When Gulf News concluded the interview with Rawan and her father, it showed her photo to Abdu Ahmad Sumea, a neighbour in Midi who said that he knows the family very well.

The man looked twice at the photos.

“This is not Rawan,” Sumea said,

He then asked his son to look at it.

“This is not Rawan,” his son concurred.

All the eyewitnesses who spoke to Gulf News about the alleged death of the girl in Haradh confidently say that the girl married, died and was secretly buried in Haradh. But they all say that they do not have concrete evidence to prove Rawan’s death and they heard the story through the grapevine.

Local residents and the family’s neighbours in Midi say that the girl was married to a Saudi man from the same family, Hattan, and the marriage took place on August 26.

The say that on her wedding night, the girl died, suffering from severe bleeding in her genitals when the man tried to consummate the marriage.

Midi residents say that the rich husband paid thousands of Saudi Rials to the local police and her family to cover up the death. They gave conflicting accounts on the amount of money that was paid. While some people say that he paid SR10,000 (Dh9,790), others claim that he paid up to SR250,000 (Dh244,775) to have the story buried.

Both Rawan’s father and the police denied the allegations.

Abdu Ahmad Sumea told Gulf News that he has known the Hattan family for years.

“Rawan used to come to my house to play with my children and to eat chocolate,” he said. “I know her family inside out. She is seven years old. I was shocked when I learnt that she got married to a Saudi man from her tribe.”

Gulf News has been told by several sources the name of the husband but, pending official confirmation and independent verification, cannot disclose his identity.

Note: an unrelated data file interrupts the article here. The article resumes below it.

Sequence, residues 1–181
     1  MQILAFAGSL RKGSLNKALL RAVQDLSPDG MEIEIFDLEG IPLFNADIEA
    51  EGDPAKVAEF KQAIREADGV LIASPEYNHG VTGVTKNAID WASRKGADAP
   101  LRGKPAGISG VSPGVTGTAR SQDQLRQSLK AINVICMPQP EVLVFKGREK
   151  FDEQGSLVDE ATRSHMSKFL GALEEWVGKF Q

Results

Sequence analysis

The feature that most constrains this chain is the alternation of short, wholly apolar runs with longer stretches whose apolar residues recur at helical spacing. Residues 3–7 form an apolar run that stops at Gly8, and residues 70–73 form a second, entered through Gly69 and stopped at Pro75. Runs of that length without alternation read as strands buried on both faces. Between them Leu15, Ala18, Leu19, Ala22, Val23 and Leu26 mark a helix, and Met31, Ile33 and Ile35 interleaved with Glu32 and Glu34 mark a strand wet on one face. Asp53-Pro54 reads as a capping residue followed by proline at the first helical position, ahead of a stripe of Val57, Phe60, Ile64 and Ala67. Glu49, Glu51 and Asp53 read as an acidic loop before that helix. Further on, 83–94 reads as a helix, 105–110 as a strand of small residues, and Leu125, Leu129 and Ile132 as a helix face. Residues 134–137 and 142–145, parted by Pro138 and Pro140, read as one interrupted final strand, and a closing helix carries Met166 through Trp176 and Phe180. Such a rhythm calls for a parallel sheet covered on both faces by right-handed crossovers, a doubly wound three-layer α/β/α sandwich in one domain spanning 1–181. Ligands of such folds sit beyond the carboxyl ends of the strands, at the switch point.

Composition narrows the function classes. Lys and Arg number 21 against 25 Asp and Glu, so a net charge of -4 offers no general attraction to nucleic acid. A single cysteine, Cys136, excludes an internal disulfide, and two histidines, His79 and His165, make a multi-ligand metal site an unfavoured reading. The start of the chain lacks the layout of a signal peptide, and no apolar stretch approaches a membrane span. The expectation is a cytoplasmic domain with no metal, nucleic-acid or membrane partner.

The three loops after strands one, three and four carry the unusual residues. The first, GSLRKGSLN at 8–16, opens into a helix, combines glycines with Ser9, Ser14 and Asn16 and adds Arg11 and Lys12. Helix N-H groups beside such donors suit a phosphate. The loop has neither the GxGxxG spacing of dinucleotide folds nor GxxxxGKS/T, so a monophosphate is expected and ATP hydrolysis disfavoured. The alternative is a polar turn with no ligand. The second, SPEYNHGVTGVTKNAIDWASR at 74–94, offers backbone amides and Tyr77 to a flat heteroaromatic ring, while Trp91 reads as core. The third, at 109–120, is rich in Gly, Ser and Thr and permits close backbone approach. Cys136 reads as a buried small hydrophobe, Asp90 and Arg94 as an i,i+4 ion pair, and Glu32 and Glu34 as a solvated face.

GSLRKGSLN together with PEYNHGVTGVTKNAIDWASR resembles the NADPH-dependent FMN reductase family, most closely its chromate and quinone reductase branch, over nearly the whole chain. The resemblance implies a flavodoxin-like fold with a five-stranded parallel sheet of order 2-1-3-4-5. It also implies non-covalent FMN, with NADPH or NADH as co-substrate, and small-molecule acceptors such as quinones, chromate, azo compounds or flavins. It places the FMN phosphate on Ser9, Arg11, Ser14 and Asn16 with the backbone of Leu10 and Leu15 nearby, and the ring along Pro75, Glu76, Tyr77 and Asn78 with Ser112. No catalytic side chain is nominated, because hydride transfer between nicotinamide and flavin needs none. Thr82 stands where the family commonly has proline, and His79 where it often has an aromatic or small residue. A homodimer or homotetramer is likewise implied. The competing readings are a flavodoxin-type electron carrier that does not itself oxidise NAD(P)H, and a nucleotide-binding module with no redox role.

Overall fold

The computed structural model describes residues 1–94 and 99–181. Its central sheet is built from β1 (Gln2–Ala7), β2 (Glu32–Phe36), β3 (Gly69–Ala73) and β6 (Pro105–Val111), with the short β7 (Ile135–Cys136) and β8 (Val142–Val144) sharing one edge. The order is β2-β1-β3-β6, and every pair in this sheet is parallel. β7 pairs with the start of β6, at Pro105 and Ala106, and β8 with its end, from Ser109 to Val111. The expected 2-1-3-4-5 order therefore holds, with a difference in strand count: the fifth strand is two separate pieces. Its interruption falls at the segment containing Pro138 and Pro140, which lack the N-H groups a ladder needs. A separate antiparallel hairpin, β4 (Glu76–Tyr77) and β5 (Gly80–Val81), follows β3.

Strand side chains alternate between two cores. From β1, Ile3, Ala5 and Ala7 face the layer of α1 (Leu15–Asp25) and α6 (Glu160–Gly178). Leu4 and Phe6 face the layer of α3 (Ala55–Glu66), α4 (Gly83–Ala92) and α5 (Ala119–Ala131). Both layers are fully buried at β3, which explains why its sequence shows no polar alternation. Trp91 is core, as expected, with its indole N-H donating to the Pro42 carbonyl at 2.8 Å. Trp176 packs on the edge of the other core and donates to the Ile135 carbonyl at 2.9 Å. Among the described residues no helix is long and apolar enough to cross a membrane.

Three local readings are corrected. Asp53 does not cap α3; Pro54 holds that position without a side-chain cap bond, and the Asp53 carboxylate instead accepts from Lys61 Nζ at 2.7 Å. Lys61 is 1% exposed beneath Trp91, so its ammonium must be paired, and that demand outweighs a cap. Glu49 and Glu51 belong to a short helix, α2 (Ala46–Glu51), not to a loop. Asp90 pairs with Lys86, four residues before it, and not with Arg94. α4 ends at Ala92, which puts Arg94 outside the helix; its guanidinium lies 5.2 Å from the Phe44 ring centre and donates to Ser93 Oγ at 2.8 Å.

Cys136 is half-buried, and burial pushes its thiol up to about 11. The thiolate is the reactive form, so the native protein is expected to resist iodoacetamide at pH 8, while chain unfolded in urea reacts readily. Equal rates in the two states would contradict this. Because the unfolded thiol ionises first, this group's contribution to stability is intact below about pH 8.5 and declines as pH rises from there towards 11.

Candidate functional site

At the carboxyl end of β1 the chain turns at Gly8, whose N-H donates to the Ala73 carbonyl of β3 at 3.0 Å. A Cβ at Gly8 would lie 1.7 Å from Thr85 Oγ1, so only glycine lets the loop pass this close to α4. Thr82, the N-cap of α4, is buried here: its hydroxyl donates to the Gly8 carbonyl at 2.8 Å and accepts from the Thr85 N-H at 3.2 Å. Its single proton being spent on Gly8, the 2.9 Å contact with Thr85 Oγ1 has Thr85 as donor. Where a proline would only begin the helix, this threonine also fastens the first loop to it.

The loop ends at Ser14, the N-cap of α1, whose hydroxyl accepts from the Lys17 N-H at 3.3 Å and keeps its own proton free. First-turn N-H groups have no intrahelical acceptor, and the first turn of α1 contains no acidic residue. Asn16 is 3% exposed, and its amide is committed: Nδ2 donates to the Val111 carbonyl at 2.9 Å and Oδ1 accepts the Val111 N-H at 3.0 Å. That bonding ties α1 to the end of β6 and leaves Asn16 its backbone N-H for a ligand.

Sumea remembers that on Eid At Fitr — August 8 — Rawan was dressed up and was playing with a mobile.

“When my children asked her about the mobile, she answered ‘My fiancé gave it to me’,” he told Gulf News. “Her family disappeared from the Midi in the following days apparently to arrange for Rawan’s wedding.”

According to Sumea, Rawan’s father similarly married off his other 10-year-old daughter to another young man.

“I learnt that he does not sleep with her and will consummate their marriage when she grows up,” he said, adding that he thinks that Rawan’s wealthy husband exploited her father’s poverty in order to marry her.

Sumea’s mother said that after the death of Rawan, her aunt went into mourning for three days.

“I went to the session to offer my condolence to the family and brought some gifts to them,” she said.

Outside Sumea’s house, Gulf News met his daughter Aisha, who said that she missed Rawan.

Mohammad Hassan Al Juaidi, a local resident who disseminated the girl’s wedding death story in the local press, said that he is completely sure that the marriage took place in one of Haradh’s hotels.

“When she died after being physically mistreated by her husband, she was kept in the morgue of the only government-run hospital in Haradh,” he said. “The police arrested the husband but he was released shortly after.”

Al Juaidi admits that the hospital officials keep denying that they saw Rawan’s body. Al Juaidi claimed that the mother fled to Sana’a after the death of her daughter. The claims could not be independently verified as Rawan’s mother was not available to respond.

Local activists and residents in Haradh warned Gulf News about the risks of pursuing the story.

“Be careful when you investigate the death of Rawan,” warned an English teacher who himself was investigating the alleged death. “This area is a bleeding ground for smugglers and criminals.”